It may be needless to say, but after the release of Star Wars in 1977, cinema was changed forever. This change was inevitable – the power that the American Movie Brats were gaining as they continued producing and releasing films was growing rapidly, with Jaws also breaking a great deal of box office records just two years prior in 1975. New Hollywood changed the game, proving that high concept premises and big budgets were the way forward for cinema as a financial venture. It seemed that the days of the small scale melodrama were over, or at the very least, were limited.
And so, it seems interesting that it was in fact the animation genre that played a key part in keeping it alive during this rough patch. Melodramas have come back in a big way, largely due to the critical reception of Moonlight (Barry Jenkins, 2016) among some other films (A24 was key to this recent switch, bringing these melodramas back into the spotlight) and this is because of a general dislike for the limited response among film fans to the likes of the MCU and the DCEU… but it was this time between the late 1970s and the 2010s that seemed most deadly for melodrama as a genre. Mumblecore swooped in and saved the day in the 21st century, but it was largely the effort of Studio Ghibli’s absolutely joyous masterpiece Kiki’s Delivery Service, directed by animation legend Hayao Miyazaki and released in 1989, that kept the dwindling flame alive in a time when melodramas appeared to be dead in the water.
Kiki’s Delivery Service is about a young witch who is sent away from her family home to live in a city whilst learning to be an independent witch – something of a trial for the rest of her life. Kiki is introduced as a clumsy but loveable character from the start, and it becomes clear that she’s excited for this chance to prove herself even if she doesn’t appear to be ready. Miyazaki’s brightly coloured and intimately drawn decor is impossibly charming, and it soon becomes clear that Kiki’s trials are serving a double meaning surrounding artists. Using Kiki’s newfound community as a foundation to build a world upon, and surrendering the typical Ghibli fantasy for a (mostly) more direct drama, the film finds its footing in functioning as a series of short vignettes with Kiki acting as the connection at the centre.
And it’s just so sweet; to see a film, especially during the 1980s – a time when bombast really found its place in mainstream cinema in a way that it never had before, strip back its focus to these small trials for the lead character and introducing side characters to each story rather than focus on trying to be all encompassing is genuinely refreshing. Miyazaki’s wide range of colours and the delicacy of the sound design only add to this overall feeling of almost undivided comfort. The contrast between Kiki’s Delivery Service and most any other mainstream animation since (that isn’t from Studio Ghibli, at least) is quite shocking, showing how Miyazaki managed to harness his power in animation and use it in a way that is really unmatchable for most other animation directors. Some may come close, such as Pixar’s delightful Ratatouille or the two feature films from the French director Sylvain Chomet, but I’m yet to find any animated film that reaches this level of wondrous simplicity and pitch perfect comfort.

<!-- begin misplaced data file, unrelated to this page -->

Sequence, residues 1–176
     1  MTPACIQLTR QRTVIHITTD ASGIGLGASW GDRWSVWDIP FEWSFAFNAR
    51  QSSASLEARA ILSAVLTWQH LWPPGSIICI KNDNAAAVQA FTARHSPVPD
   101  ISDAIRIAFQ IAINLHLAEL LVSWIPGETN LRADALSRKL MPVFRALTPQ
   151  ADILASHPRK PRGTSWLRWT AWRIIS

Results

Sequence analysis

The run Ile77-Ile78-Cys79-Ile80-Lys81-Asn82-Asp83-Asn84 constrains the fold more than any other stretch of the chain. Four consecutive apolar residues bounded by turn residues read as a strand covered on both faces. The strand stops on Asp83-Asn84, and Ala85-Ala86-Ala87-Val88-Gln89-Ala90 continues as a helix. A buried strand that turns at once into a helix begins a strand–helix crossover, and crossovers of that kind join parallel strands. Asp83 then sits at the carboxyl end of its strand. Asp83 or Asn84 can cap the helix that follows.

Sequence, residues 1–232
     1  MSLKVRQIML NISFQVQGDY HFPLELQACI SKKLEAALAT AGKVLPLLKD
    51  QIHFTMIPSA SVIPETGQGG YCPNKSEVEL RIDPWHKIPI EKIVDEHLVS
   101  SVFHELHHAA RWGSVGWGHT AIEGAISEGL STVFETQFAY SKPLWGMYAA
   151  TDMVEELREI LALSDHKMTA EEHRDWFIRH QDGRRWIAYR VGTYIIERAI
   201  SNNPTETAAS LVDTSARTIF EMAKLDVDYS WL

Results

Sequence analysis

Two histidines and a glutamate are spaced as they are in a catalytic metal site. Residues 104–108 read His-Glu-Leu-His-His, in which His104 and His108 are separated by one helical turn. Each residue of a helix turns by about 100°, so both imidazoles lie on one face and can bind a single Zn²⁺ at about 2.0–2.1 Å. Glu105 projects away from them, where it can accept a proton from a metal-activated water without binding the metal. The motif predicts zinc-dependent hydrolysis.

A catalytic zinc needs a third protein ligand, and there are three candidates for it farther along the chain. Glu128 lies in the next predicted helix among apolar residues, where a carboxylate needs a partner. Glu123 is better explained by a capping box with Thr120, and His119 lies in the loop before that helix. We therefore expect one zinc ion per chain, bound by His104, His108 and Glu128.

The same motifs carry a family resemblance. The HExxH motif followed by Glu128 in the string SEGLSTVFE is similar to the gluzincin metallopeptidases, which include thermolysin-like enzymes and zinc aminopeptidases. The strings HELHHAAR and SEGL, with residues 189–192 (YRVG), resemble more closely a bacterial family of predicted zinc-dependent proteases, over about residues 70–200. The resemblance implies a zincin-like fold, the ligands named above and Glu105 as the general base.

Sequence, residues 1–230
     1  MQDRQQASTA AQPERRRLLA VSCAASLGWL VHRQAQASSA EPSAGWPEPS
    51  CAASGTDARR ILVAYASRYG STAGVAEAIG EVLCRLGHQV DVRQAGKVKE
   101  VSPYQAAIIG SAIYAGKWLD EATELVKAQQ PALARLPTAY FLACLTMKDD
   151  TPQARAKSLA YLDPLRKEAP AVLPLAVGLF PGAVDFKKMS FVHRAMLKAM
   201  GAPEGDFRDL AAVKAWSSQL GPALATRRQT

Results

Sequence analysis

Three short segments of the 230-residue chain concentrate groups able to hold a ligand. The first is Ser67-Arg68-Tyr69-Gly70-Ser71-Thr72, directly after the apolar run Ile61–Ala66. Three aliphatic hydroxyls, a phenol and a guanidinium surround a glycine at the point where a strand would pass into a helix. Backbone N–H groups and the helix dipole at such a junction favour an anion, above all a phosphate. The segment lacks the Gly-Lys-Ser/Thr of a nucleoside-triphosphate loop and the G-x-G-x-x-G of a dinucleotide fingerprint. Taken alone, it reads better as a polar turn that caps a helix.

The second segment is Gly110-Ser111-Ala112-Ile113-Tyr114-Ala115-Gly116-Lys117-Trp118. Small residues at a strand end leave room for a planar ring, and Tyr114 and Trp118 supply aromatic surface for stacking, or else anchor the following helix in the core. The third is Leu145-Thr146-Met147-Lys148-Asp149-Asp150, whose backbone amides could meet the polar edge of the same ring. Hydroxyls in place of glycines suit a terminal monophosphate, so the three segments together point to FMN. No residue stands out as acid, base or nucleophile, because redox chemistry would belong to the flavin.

The focus on the powers of a witch is where Miyazaki’s brilliant double meaning becomes clear. Kiki finds great joy throughout in using her power to help others, hence the delivery service and the general focus on the film starting with her character having to leave as a part of being a witch, and so when she reaches a burnout and finds that her powers have ‘left’, the link between Kiki’s witchcraft and Miyazaki’s artistry comes clear. Kiki is a metaphor for an artist, one who uses their ‘powers’ to help others and themselves as much as they can, and sometimes have to face the harsh periods of dry ideas and burnout. To see such a beautiful and yet surprisingly hard to communicate theme revealed in what is otherwise such a blissful and peaceful film is a welcome surprise, and Kiki’s Delivery Service is only made better for it.
The gentle secondary approaches to these harsher topics is exactly what makes Kiki’s Delivery Service such a special film. So few other animated films try their hand at introducing these issues of anxiety and bouts of depression, and yet, Miyazaki has the gentle approach that means that these topics never override the overall comfort, and in fact his approach to these topics only adds more to said feelings of comfort, creating a kind of utopia where these problems are easily solved by camaraderie and taking a step back. Needless to say, as someone who struggles with both of the aforementioned problems frequently, it means a lot to see it portrayed in such a delicate, yet sensitive to the issue, way.
The Wind Rises (2013) would see Miyazaki focus on similar topics – another animated melodrama connected to flight and the wonder of passion for a specific subject (in that film, the love for planes), and The Wind Rises is another anime great. Considering that it seems that most animation films, especially those targeted towards an audience of children, try to rely on simple designs and often end up falling into a tiresome laziness, it’s so refreshing to see a studio consistently nail the animation genre on the head and get it spot on. Kiki’s Delivery Service remains, for me, the greatest example of animated film to date (at least, the greatest narrative animated film…), with no other film managing to bring to life such a feeling of peace. It’s one in a million.